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Jazz Italian Style explores a complex era in music history, when politics and popular culture collided with national identity and technology. When jazz arrived in Italy at the conclusion of World War I, it quickly became part of the local music culture. In Italy, thanks to the gramophone and radio, many Italian listeners paid little attention to a performer's national and ethnic identity. Nick LaRocca (Italian-American), Gorni Kramer (Italian), the Trio Lescano (Jewish-Dutch), and Louis Armstrong (African-American), to name a few, all found equal footing in the Italian soundscape. The book reveals how Italians made jazz their own, and how, by the mid-1930s, a genre of jazz distinguishable from American varieties and supported by Mussolini began to flourish in Northern Italy and in its turn influenced Italian-American musicians. Most importantly, the book recovers a lost repertoire and an array of musicians whose stories and performances are compelling and well worth remembering.Read more
- Offers the first Anglo-American study of Italian jazz, introducing readers to a repertoire of the history of jazz that has largely been unknown outside Italy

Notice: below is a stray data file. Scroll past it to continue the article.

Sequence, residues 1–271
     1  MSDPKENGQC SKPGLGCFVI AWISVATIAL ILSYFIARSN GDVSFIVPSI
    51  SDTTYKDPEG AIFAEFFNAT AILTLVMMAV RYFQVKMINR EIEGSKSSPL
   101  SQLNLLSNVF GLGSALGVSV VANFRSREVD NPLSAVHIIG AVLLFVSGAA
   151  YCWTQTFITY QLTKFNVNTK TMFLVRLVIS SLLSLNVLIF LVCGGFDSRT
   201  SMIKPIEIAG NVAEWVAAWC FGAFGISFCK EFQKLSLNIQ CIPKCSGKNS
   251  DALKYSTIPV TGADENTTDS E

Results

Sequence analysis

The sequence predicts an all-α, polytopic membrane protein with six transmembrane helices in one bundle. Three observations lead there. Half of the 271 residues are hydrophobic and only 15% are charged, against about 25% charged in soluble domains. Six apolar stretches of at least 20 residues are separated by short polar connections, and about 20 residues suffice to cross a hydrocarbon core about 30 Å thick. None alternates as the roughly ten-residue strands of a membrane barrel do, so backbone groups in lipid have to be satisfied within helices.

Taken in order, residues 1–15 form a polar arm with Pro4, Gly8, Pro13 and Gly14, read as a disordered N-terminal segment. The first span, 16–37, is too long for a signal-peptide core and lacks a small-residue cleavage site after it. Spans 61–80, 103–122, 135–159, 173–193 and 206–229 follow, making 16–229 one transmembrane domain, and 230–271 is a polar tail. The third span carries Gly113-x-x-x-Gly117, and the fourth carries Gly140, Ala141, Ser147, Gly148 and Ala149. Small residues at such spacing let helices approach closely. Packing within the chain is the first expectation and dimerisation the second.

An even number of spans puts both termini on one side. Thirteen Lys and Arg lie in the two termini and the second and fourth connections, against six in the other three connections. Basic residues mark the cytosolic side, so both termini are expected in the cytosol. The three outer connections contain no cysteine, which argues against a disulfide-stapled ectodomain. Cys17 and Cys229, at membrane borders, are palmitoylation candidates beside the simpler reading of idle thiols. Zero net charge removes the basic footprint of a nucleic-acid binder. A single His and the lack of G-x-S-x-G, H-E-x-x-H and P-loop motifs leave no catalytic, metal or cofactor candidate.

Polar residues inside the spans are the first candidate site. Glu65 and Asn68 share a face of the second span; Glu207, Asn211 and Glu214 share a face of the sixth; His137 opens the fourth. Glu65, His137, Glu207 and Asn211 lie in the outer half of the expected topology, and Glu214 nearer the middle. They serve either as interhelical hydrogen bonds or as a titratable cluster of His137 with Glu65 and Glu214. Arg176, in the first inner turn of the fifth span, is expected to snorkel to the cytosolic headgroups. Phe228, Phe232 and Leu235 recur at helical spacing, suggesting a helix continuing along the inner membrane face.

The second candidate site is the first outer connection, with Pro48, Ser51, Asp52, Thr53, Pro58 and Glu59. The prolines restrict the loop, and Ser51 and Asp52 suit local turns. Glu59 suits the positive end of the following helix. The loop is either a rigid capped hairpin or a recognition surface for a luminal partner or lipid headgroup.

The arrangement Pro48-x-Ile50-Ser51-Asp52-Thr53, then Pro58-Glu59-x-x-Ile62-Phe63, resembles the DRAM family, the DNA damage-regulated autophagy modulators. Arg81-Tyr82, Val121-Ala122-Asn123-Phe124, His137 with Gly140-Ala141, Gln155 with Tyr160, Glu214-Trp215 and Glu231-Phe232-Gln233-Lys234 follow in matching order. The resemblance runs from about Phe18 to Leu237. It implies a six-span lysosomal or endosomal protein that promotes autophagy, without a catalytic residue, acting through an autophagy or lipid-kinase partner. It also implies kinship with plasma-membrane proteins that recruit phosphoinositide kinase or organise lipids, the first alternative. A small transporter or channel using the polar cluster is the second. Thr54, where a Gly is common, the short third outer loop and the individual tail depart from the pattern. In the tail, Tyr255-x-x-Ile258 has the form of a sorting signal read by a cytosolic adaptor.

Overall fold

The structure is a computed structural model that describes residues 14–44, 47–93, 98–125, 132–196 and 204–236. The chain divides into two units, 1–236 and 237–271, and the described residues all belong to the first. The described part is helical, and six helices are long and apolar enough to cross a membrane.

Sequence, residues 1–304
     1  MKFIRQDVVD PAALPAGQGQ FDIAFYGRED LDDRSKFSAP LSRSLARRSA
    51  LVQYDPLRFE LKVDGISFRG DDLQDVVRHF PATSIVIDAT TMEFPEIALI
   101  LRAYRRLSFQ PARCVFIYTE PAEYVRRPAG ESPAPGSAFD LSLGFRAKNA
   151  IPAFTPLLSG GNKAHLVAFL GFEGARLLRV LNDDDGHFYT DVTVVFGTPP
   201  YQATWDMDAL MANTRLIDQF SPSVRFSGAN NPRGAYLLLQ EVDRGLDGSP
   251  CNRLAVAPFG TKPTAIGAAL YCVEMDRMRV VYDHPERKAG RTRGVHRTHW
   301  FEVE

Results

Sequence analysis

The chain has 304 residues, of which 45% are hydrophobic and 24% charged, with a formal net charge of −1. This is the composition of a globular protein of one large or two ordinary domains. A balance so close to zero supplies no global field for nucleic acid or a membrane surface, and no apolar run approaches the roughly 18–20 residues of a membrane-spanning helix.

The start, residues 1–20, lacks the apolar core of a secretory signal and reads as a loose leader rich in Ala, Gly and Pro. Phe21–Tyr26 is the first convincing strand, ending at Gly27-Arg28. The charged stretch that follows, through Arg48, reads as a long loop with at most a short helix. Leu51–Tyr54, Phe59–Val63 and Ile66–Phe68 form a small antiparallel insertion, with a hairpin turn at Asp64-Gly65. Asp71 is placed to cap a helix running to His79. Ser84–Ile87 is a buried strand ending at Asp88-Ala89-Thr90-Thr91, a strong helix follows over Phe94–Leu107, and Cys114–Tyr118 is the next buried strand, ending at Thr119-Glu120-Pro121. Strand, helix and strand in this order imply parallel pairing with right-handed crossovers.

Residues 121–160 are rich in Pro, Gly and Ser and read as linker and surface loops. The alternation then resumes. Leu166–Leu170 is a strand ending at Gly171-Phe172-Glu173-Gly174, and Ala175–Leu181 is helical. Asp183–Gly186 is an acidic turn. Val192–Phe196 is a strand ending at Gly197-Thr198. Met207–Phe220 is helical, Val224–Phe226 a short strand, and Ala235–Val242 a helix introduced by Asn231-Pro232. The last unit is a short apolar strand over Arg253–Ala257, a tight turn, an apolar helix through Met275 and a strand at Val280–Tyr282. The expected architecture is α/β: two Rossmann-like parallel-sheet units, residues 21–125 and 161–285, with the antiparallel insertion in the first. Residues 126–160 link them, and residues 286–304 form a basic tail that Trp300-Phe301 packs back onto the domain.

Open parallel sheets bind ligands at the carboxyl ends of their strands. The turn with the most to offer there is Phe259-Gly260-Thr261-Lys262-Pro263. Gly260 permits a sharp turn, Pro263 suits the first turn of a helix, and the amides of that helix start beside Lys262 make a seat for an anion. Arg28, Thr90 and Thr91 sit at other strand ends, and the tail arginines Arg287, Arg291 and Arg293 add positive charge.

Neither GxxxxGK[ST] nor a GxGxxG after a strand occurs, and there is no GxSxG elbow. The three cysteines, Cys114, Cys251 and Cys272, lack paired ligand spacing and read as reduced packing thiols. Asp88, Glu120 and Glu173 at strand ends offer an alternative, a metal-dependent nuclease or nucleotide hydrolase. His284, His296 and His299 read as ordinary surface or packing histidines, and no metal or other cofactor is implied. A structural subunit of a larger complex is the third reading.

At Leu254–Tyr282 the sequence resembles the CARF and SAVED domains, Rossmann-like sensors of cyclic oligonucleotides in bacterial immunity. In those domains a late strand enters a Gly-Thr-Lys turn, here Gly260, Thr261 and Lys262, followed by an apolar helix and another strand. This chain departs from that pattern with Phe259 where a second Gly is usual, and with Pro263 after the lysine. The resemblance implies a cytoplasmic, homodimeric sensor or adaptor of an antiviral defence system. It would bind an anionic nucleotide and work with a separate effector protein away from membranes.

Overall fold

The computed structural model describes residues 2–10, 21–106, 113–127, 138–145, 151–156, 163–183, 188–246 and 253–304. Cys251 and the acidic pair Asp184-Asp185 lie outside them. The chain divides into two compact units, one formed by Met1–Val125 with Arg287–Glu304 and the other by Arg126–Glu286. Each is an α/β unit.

- Discusses jazz in a transnational context, allowing readers to see the influence of technology, economics, culture and immigration practices
- Provides the first in-depth examination of Italian influences on the development of American popular music, appealing to a wider range of readers with an interest in popular music
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- Date Published: March 2017
- format: Hardback
- isbn: 9781107169777
- length: 264 pages
- dimensions: 258 x 181 x 22 mm
- weight: 0.66kg
- contains: 12 b/w illus.
- availability: In stock
Table of Contents
1. Italians and the origins of jazz
2. Jazz crosses the Atlantic
3. Jazz and fascism
4. Jazz Italian style
5. A nation divided.
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